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Design and development of a novel, self-contained, and field-portable biosensor platform for the detection and identification of microbial pathogens in near-real time.

Hall, James (2019) Design and development of a novel, self-contained, and field-portable biosensor platform for the detection and identification of microbial pathogens in near-real time. Doctoral thesis (PhD), Manchester Metropolitan University.

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Restricted to Repository staff only until 12 November 2021.
Available under License Creative Commons Attribution Non-commercial No Derivatives.

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Abstract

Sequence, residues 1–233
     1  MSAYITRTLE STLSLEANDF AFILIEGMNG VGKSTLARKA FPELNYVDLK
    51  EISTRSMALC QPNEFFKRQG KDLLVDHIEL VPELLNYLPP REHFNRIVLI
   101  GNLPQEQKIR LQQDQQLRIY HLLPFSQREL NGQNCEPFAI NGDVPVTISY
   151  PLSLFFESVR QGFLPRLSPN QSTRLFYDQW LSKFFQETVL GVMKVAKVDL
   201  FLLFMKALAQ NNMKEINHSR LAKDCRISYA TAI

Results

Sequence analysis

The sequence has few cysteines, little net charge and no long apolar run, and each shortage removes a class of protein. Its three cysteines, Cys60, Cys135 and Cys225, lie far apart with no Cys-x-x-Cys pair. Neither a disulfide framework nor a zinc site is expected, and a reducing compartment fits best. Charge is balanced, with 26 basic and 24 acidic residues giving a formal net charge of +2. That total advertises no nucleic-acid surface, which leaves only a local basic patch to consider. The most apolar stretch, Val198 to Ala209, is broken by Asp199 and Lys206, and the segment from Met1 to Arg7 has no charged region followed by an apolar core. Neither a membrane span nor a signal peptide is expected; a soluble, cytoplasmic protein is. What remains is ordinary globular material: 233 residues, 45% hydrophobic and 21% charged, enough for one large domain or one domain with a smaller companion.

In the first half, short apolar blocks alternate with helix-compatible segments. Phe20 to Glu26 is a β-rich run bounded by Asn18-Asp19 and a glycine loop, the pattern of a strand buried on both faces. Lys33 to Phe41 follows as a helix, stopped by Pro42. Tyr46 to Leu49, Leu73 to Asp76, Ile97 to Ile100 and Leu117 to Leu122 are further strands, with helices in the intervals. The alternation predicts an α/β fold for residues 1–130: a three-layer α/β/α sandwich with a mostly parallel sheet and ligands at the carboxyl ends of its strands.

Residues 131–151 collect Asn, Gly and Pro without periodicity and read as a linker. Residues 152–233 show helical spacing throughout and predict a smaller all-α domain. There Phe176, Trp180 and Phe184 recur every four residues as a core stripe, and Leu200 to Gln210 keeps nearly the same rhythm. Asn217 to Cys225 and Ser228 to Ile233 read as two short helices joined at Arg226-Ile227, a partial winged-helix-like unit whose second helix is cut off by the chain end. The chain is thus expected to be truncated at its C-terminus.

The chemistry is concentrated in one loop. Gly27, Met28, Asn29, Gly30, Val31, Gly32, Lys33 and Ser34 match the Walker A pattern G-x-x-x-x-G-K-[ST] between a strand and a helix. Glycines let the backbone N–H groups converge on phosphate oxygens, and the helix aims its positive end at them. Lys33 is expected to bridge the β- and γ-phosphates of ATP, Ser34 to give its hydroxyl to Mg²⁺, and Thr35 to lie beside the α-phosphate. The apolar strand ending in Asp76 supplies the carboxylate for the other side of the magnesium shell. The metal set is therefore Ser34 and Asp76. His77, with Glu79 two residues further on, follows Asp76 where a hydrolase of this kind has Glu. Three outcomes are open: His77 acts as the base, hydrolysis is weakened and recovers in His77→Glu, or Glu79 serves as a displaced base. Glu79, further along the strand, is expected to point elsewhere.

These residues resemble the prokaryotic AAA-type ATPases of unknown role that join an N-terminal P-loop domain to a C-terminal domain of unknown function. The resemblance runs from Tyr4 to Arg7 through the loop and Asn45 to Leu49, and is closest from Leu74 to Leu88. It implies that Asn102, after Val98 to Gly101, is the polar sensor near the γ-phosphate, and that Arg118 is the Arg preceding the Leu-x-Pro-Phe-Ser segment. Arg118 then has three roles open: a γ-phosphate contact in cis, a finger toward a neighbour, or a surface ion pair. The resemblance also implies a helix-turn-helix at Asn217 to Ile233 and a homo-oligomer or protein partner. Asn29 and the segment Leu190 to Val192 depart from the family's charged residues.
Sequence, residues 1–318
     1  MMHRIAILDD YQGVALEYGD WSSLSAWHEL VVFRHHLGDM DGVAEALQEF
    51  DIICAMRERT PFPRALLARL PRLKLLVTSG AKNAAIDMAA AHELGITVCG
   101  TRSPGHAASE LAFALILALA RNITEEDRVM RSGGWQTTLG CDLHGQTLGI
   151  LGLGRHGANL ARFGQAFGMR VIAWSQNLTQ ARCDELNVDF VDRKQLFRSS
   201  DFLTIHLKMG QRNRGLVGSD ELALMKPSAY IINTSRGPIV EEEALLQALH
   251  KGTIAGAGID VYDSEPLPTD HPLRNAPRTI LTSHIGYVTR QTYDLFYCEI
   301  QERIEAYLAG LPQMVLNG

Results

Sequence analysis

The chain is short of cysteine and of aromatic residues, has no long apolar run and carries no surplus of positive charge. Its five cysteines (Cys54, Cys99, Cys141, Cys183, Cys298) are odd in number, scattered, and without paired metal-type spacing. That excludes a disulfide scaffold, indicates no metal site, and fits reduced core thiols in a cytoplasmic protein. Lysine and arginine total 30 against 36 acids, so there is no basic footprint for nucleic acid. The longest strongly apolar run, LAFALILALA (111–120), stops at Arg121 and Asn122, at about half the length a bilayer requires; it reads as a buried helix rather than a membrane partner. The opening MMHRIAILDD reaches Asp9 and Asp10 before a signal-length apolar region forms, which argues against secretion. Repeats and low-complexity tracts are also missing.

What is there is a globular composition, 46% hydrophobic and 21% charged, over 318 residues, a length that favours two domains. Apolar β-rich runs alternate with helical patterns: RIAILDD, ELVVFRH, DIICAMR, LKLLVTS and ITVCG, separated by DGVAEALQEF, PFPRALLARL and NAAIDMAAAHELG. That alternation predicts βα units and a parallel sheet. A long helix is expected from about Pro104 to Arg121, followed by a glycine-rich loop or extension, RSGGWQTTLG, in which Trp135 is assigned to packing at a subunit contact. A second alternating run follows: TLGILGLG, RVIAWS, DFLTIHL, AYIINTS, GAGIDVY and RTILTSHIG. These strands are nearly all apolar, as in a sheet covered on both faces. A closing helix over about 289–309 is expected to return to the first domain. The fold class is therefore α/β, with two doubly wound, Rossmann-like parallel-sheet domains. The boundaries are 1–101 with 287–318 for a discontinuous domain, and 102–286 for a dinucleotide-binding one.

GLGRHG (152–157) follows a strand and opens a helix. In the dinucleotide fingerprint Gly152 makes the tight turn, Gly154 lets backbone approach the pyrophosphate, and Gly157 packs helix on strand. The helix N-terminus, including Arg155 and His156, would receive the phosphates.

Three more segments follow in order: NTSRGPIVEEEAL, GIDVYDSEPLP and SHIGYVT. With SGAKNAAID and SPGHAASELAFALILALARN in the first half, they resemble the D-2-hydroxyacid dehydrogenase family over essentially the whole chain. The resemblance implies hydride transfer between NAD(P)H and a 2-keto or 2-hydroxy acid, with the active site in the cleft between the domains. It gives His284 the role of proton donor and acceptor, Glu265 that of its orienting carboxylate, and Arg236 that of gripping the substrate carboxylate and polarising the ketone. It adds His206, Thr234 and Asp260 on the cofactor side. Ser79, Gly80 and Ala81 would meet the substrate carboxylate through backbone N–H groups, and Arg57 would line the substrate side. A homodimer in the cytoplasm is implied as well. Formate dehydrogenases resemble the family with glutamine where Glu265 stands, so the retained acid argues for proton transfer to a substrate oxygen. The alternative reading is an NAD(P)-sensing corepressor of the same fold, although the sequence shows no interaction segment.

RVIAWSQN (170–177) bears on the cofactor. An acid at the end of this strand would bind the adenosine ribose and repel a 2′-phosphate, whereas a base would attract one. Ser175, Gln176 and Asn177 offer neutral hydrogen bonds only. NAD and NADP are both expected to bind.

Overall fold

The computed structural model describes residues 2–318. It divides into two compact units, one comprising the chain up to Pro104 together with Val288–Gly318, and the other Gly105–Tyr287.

The interactions of microorganisms are considered fundamental to all life, and plants and animals are increasingly viewed in the context of their associated microbiomes. However, there are significant health and economic costs associated with microbial pathogen contamination in farming, food processing, and the supply of potable water. While contemporary microbiology techniques play a valuable role in pathogen surveillance, they are predominantly laboratory-based, time-consuming, and are reliant on skilled personnel. To both ensure safety and productivity in increasingly intensive food production and to meet the challenge of antimicrobial resistance, there is a requirement for portable, real-time microbiology tools and a broader role for rapid diagnostics. This thesis outlines the development of a unique, self-contained, and fieldportable biosensor system for the detection of microbial DNA sequences in food, water, and environmental samples. The novel design utilises a ‘macro-fluidic’ model as basis for sample processing, reagent introduction, and analytical functionality and takes advantage of low-cost materials and electronics. Based on DNA hybridisation, the platform benefits from extensive resources accumulated in phylogenetic classification and the development of technologies such as gene sequencing and polymerase chain reaction (PCR). Other than sample loading, the biosensor system is totally automated and simple to use. An Arduino microprocessor controls all process control and electrochemical analysis, while user input and data display are handled by a smartphone app. The ground-up design makes use of modular design principles and off-the-shelf electronic components. The platform cell lysis unit demonstrates DNA extraction performance comparable to that of bench-top mini-prep kits, with high elution efficiency and repeatability. The macro-fluidic design is entirely novel and is unique in delivering high quality nucleic acid purification in a portable unit. The DNA amplification and hybridisation-based biosensor module demonstrates highly sensitive (pico-molar) nucleic acid detection and a lower limit of approximately 500 bacteria in the detection and identification of Campylobacter jejuni. The platform can generate samples for comparative analysis or for analysis using technologies such as the Minion portable gene sequencer. Using innovative design to bring self-contained molecular analysis into the field, the developed biosensor platform has potential applications in detection and identification of microbial species in areas from pathogen surveillance and microbial population characterisation to antibiotic resistance tracking and clinical diagnostics.

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